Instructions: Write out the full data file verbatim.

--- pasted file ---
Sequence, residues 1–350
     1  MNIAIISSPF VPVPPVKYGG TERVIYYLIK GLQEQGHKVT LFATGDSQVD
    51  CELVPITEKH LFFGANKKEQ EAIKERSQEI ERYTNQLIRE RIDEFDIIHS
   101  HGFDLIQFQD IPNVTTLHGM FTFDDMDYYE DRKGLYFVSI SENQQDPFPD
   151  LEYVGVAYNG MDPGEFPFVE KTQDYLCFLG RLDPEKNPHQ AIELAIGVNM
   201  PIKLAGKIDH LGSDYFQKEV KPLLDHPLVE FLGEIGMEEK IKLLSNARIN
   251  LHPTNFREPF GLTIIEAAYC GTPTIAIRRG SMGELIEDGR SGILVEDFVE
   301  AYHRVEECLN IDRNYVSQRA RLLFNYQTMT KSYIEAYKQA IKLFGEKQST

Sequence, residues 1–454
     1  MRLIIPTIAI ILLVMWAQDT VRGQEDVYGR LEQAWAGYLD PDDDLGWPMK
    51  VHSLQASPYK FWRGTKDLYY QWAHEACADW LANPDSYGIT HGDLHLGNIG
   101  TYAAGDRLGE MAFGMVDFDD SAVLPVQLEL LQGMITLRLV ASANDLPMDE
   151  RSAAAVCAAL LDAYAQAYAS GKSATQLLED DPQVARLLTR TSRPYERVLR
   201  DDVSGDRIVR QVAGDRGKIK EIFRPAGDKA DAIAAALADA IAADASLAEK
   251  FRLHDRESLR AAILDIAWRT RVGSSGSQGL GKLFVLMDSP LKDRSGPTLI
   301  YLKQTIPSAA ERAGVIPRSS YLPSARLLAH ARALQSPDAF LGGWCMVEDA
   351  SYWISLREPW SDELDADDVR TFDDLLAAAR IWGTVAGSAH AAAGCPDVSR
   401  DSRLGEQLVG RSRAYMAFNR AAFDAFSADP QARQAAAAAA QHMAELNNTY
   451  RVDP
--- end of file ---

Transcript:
Sequence, residues 1–350
     1  MNIAIISSPF VPVPPVKYGG TERVIYYLIK GLQEQGHKVT LFATGDSQVD
    51  CELVPITEKH LFFGANKKEQ EAIKERSQEI ERYTNQLIRE RIDEFDIIHS
   101  HGFDLIQFQD IPNVTTLHGM FTFDDMDYYE DRKGLYFVSI SENQQDPFPD
   151  LEYVGVAYNG MDPGEFPFVE KTQDYLCFLG RLDPEKNPHQ AIELAIGVNM
   201  PIKLAGKIDH LGSDYFQKEV KPLLDHPLVE FLGEIGMEEK IKLLSNARIN
   251  LHPTNFREPF GLTIIEAAYC GTPTIAIRRG SMGELIEDGR SGILVEDFVE
   301  AYHRVEECLN IDRNYVSQRA RLLFNYQTMT KSYIEAYKQA IKLFGEKQST

Sequence, residues 1–454
     1  MRLIIPTIAI ILLVMWAQDT VRGQEDVYGR LEQAWAGYLD PDDDLGWPMK
    51  VHSLQASPYK FWRGTKDLYY QWAHEACADW LANPDSYGIT HGDLHLGNIG
   101  TYAAGDRLGE MAFGMVDFDD SAVLPVQLEL LQGMITLRLV ASANDLPMDE
   151  RSAAAVCAAL LDAYAQAYAS GKSATQLLED DPQVARLLTR TSRPYERVLR
   201  DDVSGDRIVR QVAGDRGKIK EIFRPAGDKA DAIAAALADA IAADASLAEK
   251  FRLHDRESLR AAILDIAWRT RVGSSGSQGL GKLFVLMDSP LKDRSGPTLI
   301  YLKQTIPSAA ERAGVIPRSS YLPSARLLAH ARALQSPDAF LGGWCMVEDA
   351  SYWISLREPW SDELDADDVR TFDDLLAAAR IWGTVAGSAH AAAGCPDVSR
   401  DSRLGEQLVG RSRAYMAFNR AAFDAFSADP QARQAAAAAA QHMAELNNTY
   451  RVDP